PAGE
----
Vabomere combines a carbapenem and a beta-lactamase inhibitor as a treatment for complicated urinary tract infections.
The FDA has approved meropenem/vaborbactam (Vabomere™; (MER/VAB), Rempex Pharmaceuticals) for the treatment of complicated urinary tract infections (cUTIs) in patients 18 years and older, including pyelonephritis caused by specific bacteria.
MER/VAB contains a carbapenem that inhibits bacterial cell wall synthesis and a beta-lactamase inhibitor that protects meropenem from degradation by certain serine beta-lactamases such as Klebsiella pneumonia carbapenemase (KPC). The spectrum of activity includes Escherichia coli, Klebsiella pneumonia, and Entereobacter cloacae species complex. MER/VAB is supplied as 2 grams: meropenem 1 g/vaborbactam 1 g.
The efficacy of MER/VAB was evaluated in a Phase 3 comparator-controlled clinical trial of 545 patients with cUTI, including pyelonephritis. MER/VAB 4 gram (meropenem 2 g/vaborbactam 2 g) IV every 8 hours was compared with piperacillin/tazobactam (PIP/TAZ) 4.5 g IV every 8 hours. After at least 15 doses of IV therapy, patients were switched to oral levofloxacin for a total of 10 days of therapy, unless baseline bacteremia was present (14 days total therapy). Patient demographics and baseline characteristics were considered balanced between the treatment groups.
The primary outcome was achievement of overall success in patients in the microbiological modified intent-to-treat (m-MITT) population, defined as clinical cure or improvement, and microbiological response defined as eradication. Both clinical and microbiological responses were assessed again at the test of cure (TOC) visit approximately 7 days after therapy completion.
Approximately 98% of patients treated with MER/VAB achieved overall success compared with approximately 94% of patients treated with PIP/TAZ. At the TOC visit, approximately 77% of patients treated with MER/VAB and 73% of patients treated with PIP/TAZ had achieved clinical cure and microbiological eradication.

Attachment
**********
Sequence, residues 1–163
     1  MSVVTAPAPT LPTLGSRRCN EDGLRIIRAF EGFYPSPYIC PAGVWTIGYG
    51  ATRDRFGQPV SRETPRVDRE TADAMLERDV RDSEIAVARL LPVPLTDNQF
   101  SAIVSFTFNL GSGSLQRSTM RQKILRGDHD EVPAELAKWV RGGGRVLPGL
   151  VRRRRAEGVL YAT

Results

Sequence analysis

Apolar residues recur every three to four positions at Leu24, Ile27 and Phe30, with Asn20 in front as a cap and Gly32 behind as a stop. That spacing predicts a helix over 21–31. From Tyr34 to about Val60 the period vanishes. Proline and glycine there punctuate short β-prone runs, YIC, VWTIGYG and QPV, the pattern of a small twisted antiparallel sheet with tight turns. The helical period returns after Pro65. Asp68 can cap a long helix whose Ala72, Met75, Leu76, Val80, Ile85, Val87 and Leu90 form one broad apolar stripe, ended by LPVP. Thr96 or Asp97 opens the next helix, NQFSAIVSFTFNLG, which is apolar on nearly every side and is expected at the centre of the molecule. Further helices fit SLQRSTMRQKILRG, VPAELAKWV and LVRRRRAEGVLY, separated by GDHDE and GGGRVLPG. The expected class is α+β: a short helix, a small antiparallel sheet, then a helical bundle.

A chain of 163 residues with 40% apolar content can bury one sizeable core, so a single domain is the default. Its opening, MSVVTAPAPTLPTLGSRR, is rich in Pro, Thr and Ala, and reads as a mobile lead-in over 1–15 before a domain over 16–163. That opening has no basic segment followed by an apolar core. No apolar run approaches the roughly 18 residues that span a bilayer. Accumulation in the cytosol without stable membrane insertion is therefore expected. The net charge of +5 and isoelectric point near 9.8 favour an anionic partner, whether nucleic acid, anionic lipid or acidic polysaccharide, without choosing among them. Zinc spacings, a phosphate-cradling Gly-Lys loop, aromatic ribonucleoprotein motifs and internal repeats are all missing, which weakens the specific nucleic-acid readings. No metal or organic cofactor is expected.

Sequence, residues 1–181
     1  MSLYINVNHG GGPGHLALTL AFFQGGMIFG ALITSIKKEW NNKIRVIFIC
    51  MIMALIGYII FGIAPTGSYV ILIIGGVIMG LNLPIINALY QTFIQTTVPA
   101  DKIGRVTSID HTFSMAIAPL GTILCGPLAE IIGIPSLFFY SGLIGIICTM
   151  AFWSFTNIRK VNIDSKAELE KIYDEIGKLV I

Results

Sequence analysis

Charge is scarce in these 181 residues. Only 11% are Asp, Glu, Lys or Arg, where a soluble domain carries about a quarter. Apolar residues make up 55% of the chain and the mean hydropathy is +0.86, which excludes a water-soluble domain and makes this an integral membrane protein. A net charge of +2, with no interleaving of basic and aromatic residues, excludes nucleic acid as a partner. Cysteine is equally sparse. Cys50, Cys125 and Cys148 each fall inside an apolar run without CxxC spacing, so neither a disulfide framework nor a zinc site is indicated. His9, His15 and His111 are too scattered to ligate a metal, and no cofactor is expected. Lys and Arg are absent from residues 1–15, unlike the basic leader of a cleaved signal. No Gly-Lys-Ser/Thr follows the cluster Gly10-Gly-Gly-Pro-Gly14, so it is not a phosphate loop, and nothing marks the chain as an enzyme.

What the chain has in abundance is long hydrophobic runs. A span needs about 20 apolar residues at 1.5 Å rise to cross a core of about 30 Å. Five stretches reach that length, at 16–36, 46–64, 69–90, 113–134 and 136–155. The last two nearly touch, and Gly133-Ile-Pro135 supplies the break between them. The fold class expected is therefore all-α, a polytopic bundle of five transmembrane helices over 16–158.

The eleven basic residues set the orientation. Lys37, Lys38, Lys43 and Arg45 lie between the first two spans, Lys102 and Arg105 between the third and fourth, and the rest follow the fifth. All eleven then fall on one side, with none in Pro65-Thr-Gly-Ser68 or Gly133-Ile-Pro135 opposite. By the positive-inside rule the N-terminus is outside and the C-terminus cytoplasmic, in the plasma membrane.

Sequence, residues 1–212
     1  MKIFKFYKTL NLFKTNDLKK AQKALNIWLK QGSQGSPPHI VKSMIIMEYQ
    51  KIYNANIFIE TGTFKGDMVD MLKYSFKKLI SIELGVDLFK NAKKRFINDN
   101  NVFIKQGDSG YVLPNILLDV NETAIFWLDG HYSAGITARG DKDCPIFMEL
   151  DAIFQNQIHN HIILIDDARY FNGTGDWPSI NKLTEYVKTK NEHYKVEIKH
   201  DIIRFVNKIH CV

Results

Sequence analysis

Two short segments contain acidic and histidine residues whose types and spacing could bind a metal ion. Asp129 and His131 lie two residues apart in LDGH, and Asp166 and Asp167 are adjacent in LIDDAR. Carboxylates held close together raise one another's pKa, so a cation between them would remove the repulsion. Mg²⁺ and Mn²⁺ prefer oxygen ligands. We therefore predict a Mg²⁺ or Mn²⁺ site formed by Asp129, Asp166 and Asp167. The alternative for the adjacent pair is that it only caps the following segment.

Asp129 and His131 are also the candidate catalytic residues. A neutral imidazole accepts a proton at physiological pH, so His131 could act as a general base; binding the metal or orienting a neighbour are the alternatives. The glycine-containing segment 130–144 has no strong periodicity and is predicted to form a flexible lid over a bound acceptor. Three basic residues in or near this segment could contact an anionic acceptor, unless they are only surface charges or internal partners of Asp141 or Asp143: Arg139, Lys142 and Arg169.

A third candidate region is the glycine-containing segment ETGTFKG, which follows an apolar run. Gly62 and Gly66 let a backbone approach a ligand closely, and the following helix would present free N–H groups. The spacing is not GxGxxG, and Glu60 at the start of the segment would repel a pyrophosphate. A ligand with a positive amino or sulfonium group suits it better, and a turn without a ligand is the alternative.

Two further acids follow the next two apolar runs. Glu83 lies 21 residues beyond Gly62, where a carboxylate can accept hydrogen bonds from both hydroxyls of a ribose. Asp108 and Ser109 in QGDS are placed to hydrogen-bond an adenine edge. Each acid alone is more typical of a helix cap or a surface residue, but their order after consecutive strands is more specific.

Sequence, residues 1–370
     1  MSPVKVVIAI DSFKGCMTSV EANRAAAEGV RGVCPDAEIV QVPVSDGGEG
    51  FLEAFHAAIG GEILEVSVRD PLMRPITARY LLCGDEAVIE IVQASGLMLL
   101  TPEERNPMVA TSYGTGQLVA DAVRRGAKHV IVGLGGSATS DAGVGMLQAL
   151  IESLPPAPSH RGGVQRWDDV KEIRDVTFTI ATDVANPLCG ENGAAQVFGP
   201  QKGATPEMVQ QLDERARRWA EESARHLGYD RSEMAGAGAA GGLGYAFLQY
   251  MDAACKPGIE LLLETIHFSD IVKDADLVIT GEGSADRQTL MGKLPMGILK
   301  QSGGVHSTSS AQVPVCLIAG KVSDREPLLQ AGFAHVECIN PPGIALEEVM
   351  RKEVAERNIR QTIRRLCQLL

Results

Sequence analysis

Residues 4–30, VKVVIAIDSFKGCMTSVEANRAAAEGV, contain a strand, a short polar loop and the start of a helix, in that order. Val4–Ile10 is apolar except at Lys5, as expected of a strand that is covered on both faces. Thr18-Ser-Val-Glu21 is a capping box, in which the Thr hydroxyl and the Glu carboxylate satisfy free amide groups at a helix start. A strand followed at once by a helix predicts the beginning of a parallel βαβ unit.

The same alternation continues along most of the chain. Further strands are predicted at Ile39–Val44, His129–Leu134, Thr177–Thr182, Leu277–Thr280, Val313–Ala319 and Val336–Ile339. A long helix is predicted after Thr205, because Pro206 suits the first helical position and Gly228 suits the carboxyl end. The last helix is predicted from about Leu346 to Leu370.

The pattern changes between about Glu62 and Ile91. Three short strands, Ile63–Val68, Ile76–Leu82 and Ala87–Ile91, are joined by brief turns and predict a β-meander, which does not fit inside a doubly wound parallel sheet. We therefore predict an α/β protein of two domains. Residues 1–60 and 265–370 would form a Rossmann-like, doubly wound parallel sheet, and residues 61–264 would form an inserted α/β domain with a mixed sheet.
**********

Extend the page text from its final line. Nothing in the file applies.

The safety of MER/VAB was evaluated in the aforementioned Phase 3 trial. Treatment was discontinued due to adverse effects in 2.9% of patients receiving MER/VAB. The most frequently reported adverse effects associated with MER/VAB included headache, phlebitis/infusion site reactions, and diarrhea. Hypersensitivity reactions occurred in 1.8% of patients in this trial, and thus MER/VAB is contraindicated in patients with a known anaphylactic reaction to beta-lactam antibiotics. Rarely, seizures and other adverse CNS effects, Clostridium difficile-associated diarrhea, and increased risk of breakthrough seizures due to a drug interaction with valproic acid have also been reported with MER/VAB.
Clinical trials have shown there is no significant difference in safety or effectiveness when using MER/VAB in the geriatric population. Safety and effectiveness has not yet been established in patients younger than 18 years of age. There is insufficient human data to determine an associated risk with fetal harm or miscarriage; however, fetal malformation was observed in studies with rabbits treated with vaborbactam.
Administration of MER/VAB is 4 g (meropenem 2 g/vaborbactam 2 g) every 8 hours IV over 3 hours for up to 14 days for the treatment of cUTI. Renal dose adjustments are recommended for patients with an estimated glomerular filtration rate (eGFR) of less than 50 mL/min/1.73 m2 and are as follows: eGFR between 30-49 mL/min/1.73m2 administer MER/VAB 2 g (meropenem 1 g/vaborbactam 1 g) every 8 hours, eGFR between 15-29 mL/min/1.73 m2 administer MER/VAB 2 g (meropenem 1 g/vaborbactam 1 g) every 12 hours, and for eGFR of less than 15 mL/min/1.73 m2 administer MER/VAB 1 g (meropenem 0.5 g/vaborbactam 0.5 g) every 12 hours. There are no hepatic dose adjustments for MER/VAB.
Product Image Source: Melinta Therapeutics
1. Vabomere [package insert] Parsippany, NJ: The Medicines Company; 2017
2. ClinicalTrials.gov. Identified NCT02166476, Efficacy, safety, tolerability of meropenem-vaborbactam compared to piperacillin-tazobactam in complicated urinary tract infections (cUTIs), including acute pyelonephritis (AP), in adults. Available at: https://clinicaltrials.gov/ct2/show/results/NCT02166476. Accessed on Dec. 5, 2017.